we'd like to invite you to the "Hacking Science" project - creating a community of people interested in (and wanting to contribute to) open science, bottom-up scientific initiatives, new ways of collaborating and sharing knowledge etc. Read below for main idea and how you can get involved.
Academia today has many downsides. Its conservatism and rigid structure often stifle creativity; usually, not much space is left for bottom-up ideas e.g. in the spirit of "open source software" community. We want to focus on creating alternative solutions (filling niches or competing with current ones) rather than trying to reform the system itself. One of our main goals is to make science more “open” and to use Internet to improve it.
Examples of projects in right flavor include:
- arXiv and "truly open" journals,
- Mathoverflow.org (and StackExchange Q&A sites),
- Polymath project (research collaboration on a blog),
- crowdsourcing and crowdfunding in science,
- Kaggle (competitions in data science)...
All the initiatives above introduced something new and valuable to how research is done. There is likely need and room for much more!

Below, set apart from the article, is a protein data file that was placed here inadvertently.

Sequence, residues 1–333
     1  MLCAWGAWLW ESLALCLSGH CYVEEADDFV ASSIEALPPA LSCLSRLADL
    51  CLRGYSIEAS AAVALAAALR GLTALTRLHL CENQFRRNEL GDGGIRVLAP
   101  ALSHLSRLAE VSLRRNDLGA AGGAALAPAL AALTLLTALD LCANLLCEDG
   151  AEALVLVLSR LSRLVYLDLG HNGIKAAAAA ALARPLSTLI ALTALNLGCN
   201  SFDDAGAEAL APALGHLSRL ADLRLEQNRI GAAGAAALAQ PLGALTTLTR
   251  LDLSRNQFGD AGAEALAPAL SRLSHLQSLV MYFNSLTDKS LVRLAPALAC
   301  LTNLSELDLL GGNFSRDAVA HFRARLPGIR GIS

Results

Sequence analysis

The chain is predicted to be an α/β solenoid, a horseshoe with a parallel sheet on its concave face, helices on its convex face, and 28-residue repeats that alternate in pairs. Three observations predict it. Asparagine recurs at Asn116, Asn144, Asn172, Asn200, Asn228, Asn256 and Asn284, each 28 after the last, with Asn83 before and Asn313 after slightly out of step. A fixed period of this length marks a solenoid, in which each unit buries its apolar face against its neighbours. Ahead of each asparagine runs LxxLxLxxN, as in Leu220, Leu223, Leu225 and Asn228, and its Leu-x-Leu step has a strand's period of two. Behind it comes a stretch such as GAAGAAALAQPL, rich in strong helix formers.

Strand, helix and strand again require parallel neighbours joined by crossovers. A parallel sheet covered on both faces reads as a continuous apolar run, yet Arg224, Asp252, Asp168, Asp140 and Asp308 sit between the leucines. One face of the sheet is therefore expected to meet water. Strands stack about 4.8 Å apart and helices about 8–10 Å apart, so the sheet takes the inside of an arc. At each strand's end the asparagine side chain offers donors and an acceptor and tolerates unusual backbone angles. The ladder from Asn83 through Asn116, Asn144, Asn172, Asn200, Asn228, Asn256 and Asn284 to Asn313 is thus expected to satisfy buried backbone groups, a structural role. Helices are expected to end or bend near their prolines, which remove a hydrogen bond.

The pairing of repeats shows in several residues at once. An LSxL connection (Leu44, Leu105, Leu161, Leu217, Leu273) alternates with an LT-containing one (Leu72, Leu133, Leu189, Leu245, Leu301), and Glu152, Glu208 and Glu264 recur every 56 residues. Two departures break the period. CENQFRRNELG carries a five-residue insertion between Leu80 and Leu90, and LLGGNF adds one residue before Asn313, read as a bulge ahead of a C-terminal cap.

Also, as the Elsevier boycott has shown, there is already a lot of potential to tap into. Many people want science to become more flexible and modern. As of now, however, discussions have been confined to Google+ threads or scattered across various blogs. It would be great to have a "community hub" for people interested in innovations in science, a default place to discuss and check what's new in open science, exchange ideas, find people willing to collaborate in building new tools and so on.
We think of starting with a collaborative blog - our ambition would be to make it the place to check if you're into "open science". We will welcome entries on, just to mention a few things:
- both big ideas and small improvements
(both brainstorming among us and crowdsourcing),
- popularizing good tools and ways of doing things
(software, ways of sharing knowledge),
- constructive criticism of academia
(going beyond the usual "this sucks but can't do anything about it"),
- last but not least, getting our hands dirty actually implementing stuff
(such as web services or using new ideas when organizing a conference).
If you're interested in participating:
- what is your big idea or dream?
- how would you like to contribute?
- do you have a vision what should be the central point of the community
(blog, forum, something different) and the work-/informationflow?
(If you don't want to discuss publicly yet - reply to firstname.lastname@example.org.) If you know someone else who might want to contribute, feel free to mail her/him.